Harun Yahya

Freedom Of Ideas Does Not Mean Freedom To Insult

Yemen is once again on the agenda due to an act of terror. But this time the attack took place in France, not in Yemen. The brothers Said and Shaarif Kouachi killed 12 people in an attack on the French satirical magazine Charlie Hebdo. The Yemeni branch of al-Qaeda (AQAP) issued a video communique saying that they had given the job to the Kouachi brothers. In its statement, al-Qaeda said that the Paris attack had been perpetrated at the command of their leader, Dr. Ayman al-Zawahiri, but they were not involved in the separate hostage-taking in the kosher market.

Speaking on the video posted on YouTube, Nasser bin Ali al-Ansi, one of the organization’s leaders, said, “… we, the Organization of Al Qaeda al Jihad in the Arabian Peninsula, claim responsibility for this operation as vengeance for the Messenger of God.”

As Muslims, it is very important to recognize that barbarity and heinous murder to shoot people savagely, hunt down defenseless people is a vicious act of terror simply because they think wrongly or insult or are hostile to Islam. Those who commit cowardly murder behind a mask of “Islam” and imagine they are taking revenge and waging jihad are in fact, in the eyes of the true Islam, murderers. Terrorism is a scourge cursed by Islam, the most horrible and savage face of fanaticism.

As a second point, freedom of thought and expression is very important. Everyone can and must be able to express his opinions freely.

However, insults, and especially insults directed against religious values, are not a form of expression as they contain no thoughts.

One of the most trusted courts on the subject of human rights, and certainly one with the widest powers, is the European Court of Human Rights (ECHR). The ECHR was founded to prevent states from violating their citizens’ individual rights and freedoms in democratic European countries. The court rules on the basis of the European Convention on Human Rights, a text that guarantees minimum rights and freedoms for individuals for the maintenance of democratic regimes in Europe. The rulings of the ECHR have a tremendous influence on judiciaries and state functioning in European countries.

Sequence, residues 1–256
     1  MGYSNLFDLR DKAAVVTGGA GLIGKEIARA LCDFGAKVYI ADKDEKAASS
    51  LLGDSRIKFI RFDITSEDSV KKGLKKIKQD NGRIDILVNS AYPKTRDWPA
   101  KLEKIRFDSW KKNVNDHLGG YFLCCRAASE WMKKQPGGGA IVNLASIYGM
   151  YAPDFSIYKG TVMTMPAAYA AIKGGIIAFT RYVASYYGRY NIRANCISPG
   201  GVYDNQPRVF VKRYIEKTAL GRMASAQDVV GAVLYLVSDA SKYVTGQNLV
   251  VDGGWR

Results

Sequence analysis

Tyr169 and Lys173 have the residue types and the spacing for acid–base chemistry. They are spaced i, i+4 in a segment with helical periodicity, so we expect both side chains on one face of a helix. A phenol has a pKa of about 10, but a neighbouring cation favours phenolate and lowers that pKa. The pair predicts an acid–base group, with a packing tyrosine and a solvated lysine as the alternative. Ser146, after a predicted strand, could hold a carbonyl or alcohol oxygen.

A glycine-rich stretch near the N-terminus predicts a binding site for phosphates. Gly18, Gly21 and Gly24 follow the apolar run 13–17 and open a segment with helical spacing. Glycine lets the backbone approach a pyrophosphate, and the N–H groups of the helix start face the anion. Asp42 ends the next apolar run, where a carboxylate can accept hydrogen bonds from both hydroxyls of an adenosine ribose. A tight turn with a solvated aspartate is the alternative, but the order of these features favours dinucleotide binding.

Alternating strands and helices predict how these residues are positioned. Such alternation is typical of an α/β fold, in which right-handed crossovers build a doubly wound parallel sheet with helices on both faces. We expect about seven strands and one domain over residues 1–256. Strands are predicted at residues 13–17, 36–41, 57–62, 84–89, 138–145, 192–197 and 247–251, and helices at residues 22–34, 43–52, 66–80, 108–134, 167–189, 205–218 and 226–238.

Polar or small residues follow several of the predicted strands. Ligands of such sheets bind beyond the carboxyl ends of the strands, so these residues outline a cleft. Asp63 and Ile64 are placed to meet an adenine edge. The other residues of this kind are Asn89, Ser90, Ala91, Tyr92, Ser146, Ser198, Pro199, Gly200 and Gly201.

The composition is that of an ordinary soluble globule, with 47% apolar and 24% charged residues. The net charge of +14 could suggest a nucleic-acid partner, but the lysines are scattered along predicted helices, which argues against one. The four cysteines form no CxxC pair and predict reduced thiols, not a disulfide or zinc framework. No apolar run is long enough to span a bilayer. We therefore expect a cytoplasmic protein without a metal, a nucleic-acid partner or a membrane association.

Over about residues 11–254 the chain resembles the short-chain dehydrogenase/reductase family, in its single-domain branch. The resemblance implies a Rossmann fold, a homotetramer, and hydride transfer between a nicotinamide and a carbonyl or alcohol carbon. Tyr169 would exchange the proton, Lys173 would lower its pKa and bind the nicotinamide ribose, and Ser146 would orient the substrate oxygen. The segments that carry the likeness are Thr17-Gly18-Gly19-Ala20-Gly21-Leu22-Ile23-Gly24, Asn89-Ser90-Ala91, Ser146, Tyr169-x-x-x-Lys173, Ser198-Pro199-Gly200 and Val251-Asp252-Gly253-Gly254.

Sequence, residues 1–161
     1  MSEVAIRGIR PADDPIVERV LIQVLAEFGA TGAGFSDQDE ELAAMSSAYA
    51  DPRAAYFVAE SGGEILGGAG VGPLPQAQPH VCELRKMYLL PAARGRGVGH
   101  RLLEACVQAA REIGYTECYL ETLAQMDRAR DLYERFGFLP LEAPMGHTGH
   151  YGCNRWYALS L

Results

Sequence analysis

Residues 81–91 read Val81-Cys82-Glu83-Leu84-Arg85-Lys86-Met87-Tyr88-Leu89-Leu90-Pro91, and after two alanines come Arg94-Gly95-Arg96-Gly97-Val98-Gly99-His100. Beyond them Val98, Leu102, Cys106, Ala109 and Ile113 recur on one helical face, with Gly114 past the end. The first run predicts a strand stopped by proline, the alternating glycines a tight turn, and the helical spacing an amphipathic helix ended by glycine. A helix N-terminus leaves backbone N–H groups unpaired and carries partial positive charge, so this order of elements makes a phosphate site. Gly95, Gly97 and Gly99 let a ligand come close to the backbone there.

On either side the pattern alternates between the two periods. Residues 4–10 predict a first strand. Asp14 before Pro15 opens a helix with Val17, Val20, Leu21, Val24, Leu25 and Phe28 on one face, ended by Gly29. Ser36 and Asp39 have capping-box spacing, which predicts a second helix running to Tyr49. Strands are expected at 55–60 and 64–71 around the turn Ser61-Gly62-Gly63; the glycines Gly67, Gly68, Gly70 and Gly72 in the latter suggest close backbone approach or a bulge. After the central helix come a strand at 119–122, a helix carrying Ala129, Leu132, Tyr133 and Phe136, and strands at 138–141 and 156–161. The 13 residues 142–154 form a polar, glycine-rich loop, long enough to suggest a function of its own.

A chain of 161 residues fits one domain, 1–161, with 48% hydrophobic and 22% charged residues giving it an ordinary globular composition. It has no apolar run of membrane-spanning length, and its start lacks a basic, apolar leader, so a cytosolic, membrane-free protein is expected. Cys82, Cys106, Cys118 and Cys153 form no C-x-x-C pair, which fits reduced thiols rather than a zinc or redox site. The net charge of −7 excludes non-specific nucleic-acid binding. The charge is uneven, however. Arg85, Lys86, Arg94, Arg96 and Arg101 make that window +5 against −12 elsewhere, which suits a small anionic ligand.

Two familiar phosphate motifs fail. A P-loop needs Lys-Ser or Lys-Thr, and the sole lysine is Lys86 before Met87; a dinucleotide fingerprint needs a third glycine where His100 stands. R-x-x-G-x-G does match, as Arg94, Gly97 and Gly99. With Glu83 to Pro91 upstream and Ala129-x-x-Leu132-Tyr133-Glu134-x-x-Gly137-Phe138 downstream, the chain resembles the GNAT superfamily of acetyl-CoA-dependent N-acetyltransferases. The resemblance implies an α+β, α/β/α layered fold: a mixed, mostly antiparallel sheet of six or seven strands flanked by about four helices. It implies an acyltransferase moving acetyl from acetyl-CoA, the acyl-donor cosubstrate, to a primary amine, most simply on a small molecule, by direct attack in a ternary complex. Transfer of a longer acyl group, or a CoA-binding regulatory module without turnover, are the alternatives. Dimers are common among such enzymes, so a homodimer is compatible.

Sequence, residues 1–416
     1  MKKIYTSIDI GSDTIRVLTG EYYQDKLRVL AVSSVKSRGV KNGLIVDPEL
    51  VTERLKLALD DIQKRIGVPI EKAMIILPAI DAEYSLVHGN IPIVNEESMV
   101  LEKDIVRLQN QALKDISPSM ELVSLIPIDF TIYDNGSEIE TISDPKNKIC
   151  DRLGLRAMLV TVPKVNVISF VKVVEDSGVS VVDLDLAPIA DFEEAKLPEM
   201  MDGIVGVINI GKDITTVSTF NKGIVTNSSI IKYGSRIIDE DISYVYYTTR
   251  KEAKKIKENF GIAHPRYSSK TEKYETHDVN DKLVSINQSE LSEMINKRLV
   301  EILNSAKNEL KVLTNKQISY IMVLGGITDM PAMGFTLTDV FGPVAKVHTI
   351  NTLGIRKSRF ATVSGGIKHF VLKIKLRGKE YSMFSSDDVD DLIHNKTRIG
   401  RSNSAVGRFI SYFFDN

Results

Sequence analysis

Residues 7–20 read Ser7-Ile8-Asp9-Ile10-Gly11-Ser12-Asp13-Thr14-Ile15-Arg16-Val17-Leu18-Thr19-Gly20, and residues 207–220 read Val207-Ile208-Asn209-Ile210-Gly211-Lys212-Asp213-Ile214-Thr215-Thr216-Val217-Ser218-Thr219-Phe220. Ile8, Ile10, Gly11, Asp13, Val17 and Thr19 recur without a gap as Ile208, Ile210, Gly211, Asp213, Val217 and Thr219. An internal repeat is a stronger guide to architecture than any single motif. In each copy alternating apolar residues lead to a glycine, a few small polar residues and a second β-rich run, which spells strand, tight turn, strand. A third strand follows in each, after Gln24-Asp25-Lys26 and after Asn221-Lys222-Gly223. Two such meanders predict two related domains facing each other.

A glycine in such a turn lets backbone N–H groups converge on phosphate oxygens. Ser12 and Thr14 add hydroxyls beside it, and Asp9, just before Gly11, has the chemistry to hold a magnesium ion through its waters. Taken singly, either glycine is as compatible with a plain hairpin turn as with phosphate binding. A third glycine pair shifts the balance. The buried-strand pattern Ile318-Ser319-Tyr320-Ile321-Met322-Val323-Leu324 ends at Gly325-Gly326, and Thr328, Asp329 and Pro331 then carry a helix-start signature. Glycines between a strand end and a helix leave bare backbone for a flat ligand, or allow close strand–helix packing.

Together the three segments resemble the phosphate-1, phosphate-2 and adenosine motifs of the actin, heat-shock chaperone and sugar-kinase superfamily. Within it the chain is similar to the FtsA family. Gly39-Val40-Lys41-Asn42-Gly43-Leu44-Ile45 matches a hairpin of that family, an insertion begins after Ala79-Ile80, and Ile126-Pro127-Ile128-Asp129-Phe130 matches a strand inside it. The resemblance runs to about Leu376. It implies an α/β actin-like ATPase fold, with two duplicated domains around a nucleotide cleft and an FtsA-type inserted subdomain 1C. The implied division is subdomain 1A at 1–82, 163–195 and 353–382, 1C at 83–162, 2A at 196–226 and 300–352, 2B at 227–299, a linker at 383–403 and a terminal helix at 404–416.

In many of its previous rulings, the ECHR has stated that insulting religious values is not within the scope of freedom of ideas: One such ruling is known as the “Forbidden Phrases Ruling” and concerns an incident that took place in Turkey. The Istanbul public prosecutor alleged that there was blasphemy against “God, the Religion, the Prophet and the Holy Book” in the book entitled “Yasak Tümceler” (The Forbidden Phrases).

On 28 May, 1996, the Istanbul Court of First Instance sentenced the defendant in that case to two years’ imprisonment and a fine, finally commuting the prison sentence to a fine. The Turkish Court of Cassation upheld that judgment on 6 October, 1997. The proprietor and managing director of the publishing house that published the book appealed to the ECHR on the grounds that the freedom of expression enshrined in Article 10 of the Convention had been violated.

In its ruling of 13 September, 2005 on the case originated in the application no. 42571/98, the ECHR said;